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Event Type:  Seminar (This is an NIH Science event)
Annual Lecture:  Other
Title:  Watching proteins function in real time via picosecond X-ray diffraction
Description:  To understand how a protein functions, it is crucial to know the time-ordered sequence of structural changes associated with its function. To that end, we have developed numerous experimental techniques for characterizing structural changes in proteins over time scales ranging from femtoseconds to seconds. This talk will focus primarily on time-resolved X-ray studies performed on the BioCARS beamline at the Advanced Photon Source, which allowed us to characterize structural changes in proteins with 150-ps time resolution. We have used this capability to track the reversible photocycle of photoactive yellow protein following trans-to-cis photoisomerization of its p-coumaric acid (pCA) chromophore. Briefly, a picosecond laser pulse photoexcites pCA and triggers a structural change in the protein, which is probed with a suitably delayed picosecond X-ray pulse. When the protein is studied in a crystalline state, this “pump-probe” approach recovers time-resolved diffraction “snapshots” whose corresponding electron density maps can be stitched together into a real-time movie of the structural changes that ensue [1]. However, the actual signaling state is not accessible in the crystalline state due to crystal packing constraints. This state is accessible in time-resolved small- and wide-angle X-ray scattering studies, which probe changes in the size, shape, and structure of the protein [2,3]. These studies help provide a framework for understanding protein function, and for assessing and validating theoretical/computational approaches in protein biophysics [4]. This research was supported in part by the Intramural Research Program of the NIH, NIDDK.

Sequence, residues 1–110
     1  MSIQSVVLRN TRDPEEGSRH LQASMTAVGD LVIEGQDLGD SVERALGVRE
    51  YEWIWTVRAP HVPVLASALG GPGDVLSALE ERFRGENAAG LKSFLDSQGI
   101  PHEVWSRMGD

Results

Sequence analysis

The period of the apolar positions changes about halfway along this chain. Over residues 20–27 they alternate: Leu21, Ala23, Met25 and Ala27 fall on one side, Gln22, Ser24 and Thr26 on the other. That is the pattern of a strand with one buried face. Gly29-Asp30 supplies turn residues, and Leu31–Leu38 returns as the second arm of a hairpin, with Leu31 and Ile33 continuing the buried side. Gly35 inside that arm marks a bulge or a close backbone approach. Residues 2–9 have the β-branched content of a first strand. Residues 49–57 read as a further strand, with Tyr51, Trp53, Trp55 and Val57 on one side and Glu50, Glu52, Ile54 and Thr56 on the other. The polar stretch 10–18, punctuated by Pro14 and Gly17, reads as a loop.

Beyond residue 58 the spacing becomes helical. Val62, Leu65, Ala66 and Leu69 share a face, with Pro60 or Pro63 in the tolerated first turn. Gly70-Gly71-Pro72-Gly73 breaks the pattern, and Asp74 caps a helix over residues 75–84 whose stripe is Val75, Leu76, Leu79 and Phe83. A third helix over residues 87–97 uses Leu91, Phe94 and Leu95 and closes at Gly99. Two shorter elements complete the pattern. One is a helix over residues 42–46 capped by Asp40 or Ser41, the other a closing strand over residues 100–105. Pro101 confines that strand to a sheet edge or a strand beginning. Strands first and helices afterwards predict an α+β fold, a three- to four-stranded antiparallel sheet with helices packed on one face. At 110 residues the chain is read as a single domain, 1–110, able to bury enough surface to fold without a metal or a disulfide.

[1] “Picosecond Photobiology: Watching a Signaling Protein Function in Real Time via Time-resolved Laue Crystallography,” Friedrich Schotte, Hyun Sun Cho, Ville R I Kaila, Hironari Kamikubo, Naranbaatar Dashdorj, Eric R Henry, Timothy J. Graber, Rob Henning, Michael Wulff, Gerhard Hummer, Mikio Kataoka, Philip A.
Series Name:  Light Microscopy Interest Group Seminar
Videocast:  Event will not be videocast
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Tuesday, May 15, 2018   11:00am - 12:00pm Add To Outlook Calendar     Add To iCal Calendar     Add To Entourage Calendar
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Name:   Philip Anfinrud
Title:   Dr
Organization:   NIH/NIDDK
City/Province:   Bethesda
State:   Maryland
Country:   USA

Organization(s):  [NIH] Light Microscopy Interest Group

Location:  On the main NIH Campus
Building:  37
Room:  4107/4041
Street Address:  37 Convent Drive
City:  Bethesda
State:  Maryland
Zip Code:  20892

Name:   Tatiana Karpova
Phone:   240-760-6637
Fax:   240-541-4450
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